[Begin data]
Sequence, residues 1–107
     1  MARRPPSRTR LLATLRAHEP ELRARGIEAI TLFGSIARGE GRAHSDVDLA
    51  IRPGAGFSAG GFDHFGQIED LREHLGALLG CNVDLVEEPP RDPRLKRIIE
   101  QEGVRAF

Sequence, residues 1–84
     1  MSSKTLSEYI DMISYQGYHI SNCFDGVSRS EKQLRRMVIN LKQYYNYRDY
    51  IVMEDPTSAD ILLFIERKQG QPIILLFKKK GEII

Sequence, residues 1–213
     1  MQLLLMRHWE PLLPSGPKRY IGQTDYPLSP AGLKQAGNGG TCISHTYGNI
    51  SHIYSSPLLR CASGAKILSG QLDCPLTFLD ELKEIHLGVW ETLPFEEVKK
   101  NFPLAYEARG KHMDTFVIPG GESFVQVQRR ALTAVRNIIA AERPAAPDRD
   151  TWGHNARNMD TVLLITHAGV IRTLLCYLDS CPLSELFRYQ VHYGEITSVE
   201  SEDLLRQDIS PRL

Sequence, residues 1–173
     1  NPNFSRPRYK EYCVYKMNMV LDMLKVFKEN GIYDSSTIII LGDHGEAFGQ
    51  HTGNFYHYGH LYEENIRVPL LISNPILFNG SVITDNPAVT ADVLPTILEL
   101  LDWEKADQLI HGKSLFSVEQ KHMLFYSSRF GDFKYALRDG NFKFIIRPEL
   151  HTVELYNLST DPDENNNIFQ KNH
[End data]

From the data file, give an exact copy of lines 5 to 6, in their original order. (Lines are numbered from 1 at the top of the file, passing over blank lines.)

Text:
Sequence, residues 1–84
     1  MSSKTLSEYI DMISYQGYHI SNCFDGVSRS EKQLRRMVIN LKQYYNYRDY